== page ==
At the dawn of the twenty-first century, three ideas dominate the world: peace as the preferred basis for relations between countries, democracy as the optimal way to organize political life, and free markets as the indispensable vehicle for the creation of wealth. While not practiced everywhere, these ideas have—for the first time in history—no serious rivals as methods for organizing the world's politics, economics, and international relations.
Council Senior Fellow Julia Sweig shatters the mythology surrounding the Cuban Revolution in a compelling revisionist history that reconsiders the roles of Fidel Castro and Che Guevara and restores, to a central position, the leadership of the Cuban urban underground, the Llano.
If Russia veers toward instability or a more severe dictatorship under President Vladimir Putin, the threat to its neighbors could be severe. Such a scenario would also present serious challenges for European integration and derail the process of Russian rapprochement with the United States.
Refugee policy has not kept pace with new realities in international and humanitarian affairs. Recent policy failures have resulted in instability, terrible hardships, and massive losses of life. In this seminal book, Senior Fellow Arthur Helton systematically analyzes refugee policy responses over the past decade and calls for specific reforms to make policy more proactive and comprehensive.
A seminal volume bringing together the research and critical thinking of many of the world's top macro- and micro-economists to provide a unique, multifaceted perspective on the causes of technological innovation and its relationship to economic performance. Through the use of detailed, up-to-date country and industry studies, Technological Innovation and Economic Performance provides the most authoritative and detailed analysis of this topic ever assembled.
See more in Defense and Security
See more in Global Governance
CFR President Haass argues for an updated global operating system to address challenges from terrorism to climate change. More
Alden provides an enlightening history of the last four decades of U.S. trade policies and a blueprint for how to keep the United States competitive in a globalized economy. More
In this award-winning biography of Alan Greenspan, Mallaby explores Greenspan's life and legacy and tells the story of the making of modern finance. More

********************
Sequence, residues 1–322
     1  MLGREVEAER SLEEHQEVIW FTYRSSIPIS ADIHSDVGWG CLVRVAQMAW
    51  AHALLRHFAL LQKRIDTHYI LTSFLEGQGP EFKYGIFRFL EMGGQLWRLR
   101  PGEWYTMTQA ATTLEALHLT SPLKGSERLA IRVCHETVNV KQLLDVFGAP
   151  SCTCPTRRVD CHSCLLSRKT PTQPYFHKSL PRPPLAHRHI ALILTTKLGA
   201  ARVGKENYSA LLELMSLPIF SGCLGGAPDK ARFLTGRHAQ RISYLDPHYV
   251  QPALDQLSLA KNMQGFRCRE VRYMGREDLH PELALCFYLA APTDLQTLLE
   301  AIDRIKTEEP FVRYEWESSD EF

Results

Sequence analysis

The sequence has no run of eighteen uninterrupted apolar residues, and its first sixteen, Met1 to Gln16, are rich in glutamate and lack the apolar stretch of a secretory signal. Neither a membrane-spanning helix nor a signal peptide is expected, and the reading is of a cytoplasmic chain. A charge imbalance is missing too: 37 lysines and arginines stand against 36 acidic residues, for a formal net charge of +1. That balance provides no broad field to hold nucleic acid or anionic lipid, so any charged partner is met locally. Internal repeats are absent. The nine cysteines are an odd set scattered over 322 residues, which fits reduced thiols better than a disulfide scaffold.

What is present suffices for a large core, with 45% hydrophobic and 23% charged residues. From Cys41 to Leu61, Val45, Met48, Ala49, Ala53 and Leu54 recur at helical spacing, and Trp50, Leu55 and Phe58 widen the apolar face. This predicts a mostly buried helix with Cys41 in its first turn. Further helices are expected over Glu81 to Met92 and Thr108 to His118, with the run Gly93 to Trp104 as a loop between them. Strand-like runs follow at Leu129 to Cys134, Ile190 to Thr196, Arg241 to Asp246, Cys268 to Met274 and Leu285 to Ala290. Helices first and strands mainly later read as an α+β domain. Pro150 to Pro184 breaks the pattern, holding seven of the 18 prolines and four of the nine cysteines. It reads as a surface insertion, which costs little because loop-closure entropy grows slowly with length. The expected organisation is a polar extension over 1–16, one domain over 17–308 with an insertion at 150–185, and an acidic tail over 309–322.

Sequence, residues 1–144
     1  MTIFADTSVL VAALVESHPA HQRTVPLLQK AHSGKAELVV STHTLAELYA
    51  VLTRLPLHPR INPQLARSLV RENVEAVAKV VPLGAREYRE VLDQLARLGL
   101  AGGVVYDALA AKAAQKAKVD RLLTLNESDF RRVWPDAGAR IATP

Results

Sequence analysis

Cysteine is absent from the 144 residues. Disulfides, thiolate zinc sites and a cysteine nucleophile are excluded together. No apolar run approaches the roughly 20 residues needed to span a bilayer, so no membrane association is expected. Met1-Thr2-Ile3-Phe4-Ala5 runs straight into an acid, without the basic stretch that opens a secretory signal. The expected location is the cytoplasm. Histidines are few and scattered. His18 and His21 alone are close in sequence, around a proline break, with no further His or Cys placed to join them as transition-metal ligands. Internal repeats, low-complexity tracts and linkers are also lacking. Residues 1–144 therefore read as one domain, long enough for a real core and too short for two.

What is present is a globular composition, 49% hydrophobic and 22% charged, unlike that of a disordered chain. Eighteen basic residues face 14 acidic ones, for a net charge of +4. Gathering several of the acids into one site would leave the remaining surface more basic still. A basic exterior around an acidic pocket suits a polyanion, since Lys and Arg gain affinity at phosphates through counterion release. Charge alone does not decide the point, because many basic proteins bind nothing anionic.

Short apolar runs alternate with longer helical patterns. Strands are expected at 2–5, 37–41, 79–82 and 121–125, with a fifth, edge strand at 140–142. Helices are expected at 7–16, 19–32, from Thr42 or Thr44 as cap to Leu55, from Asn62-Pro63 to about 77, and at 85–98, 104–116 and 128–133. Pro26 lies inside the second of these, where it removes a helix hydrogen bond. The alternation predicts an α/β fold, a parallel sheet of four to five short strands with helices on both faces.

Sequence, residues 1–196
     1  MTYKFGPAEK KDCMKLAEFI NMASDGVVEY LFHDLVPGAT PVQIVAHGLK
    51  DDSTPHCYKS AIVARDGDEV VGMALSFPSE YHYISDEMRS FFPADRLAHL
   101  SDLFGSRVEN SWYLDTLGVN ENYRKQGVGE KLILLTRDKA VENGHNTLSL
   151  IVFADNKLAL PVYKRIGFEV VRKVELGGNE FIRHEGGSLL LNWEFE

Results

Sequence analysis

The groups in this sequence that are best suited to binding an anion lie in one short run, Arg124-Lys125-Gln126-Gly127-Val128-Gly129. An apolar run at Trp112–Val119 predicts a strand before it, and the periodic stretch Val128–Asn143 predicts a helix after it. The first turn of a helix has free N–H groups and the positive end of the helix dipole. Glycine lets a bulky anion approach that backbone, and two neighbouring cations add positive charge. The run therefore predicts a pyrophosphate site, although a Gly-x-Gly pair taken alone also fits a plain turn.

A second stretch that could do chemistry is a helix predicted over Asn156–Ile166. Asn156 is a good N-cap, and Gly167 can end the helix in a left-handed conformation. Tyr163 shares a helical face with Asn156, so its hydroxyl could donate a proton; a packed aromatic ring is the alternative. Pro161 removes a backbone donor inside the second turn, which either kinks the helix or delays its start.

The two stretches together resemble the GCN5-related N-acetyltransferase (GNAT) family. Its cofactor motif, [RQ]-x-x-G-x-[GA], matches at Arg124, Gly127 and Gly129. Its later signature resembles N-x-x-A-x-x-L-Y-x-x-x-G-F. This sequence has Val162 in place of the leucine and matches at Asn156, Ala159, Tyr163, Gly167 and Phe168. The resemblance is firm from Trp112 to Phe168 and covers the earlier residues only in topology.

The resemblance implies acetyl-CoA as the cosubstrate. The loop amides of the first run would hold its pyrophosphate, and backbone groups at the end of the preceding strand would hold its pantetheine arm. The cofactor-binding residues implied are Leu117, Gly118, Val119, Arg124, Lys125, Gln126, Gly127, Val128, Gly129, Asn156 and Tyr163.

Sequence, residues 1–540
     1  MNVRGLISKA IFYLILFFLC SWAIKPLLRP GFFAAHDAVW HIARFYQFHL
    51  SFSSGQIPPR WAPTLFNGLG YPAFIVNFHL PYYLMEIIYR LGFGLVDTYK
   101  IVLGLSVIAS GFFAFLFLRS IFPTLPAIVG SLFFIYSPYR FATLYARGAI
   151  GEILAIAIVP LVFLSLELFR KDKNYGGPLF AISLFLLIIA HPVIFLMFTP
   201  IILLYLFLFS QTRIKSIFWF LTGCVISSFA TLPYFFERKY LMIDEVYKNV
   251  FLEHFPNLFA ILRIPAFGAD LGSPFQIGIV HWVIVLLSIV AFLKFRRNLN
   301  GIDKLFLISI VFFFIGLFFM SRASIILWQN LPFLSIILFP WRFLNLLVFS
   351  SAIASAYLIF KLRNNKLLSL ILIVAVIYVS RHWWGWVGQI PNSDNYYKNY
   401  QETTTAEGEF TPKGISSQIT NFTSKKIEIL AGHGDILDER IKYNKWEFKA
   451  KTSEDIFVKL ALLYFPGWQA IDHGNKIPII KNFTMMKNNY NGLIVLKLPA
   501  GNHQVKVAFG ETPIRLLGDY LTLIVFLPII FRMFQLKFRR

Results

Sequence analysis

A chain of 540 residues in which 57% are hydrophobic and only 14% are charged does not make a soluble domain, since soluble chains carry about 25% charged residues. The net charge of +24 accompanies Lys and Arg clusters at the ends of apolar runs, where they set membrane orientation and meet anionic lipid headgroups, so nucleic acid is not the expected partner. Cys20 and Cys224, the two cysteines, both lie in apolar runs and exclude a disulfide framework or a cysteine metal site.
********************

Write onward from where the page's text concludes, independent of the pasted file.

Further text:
The Task Force recommends revising U.S. policy toward North Korea to break the cycle of North Korean provocation and promote stability in Northeast Asia.
India now matters to U.S. interests in virtually every dimension. This Independent Task Force report assesses the current situation in India and the U.S.-India relationship, and suggests a new model for partnership with a rising India.
Rates of heart disease, cancer, diabetes, and other noncommunicable diseases (NCDs) in low- and middle-income countries are increasing faster than in wealthier countries. The report outlines a plan for collective action on this growing epidemic.
This report asserts that elevating and prioritizing the U.S.-Canada-Mexico relationship offers the best opportunity for strengthening the United States and its place in the world.
Knopf argues that the only remaining path for South Sudan is for an international transitional administration to run the country for a finite period.
The U.S. relationship with Israel is in trouble. Blackwill and Gordon offer six core policy proposals to repair, redefine, and invigorate the partnership.
To ensure the success of Myanmar's historic democratic transition, the United States should revise its outdated and counterproductive sanctions policy.
Learn more about CFR’s mission and its work over the past year in the 2016 Annual Report. The Annual Report spotlights new initiatives, high-profile events, and authoritative scholarship from CFR experts, and includes a message from CFR President Richard N. Haass.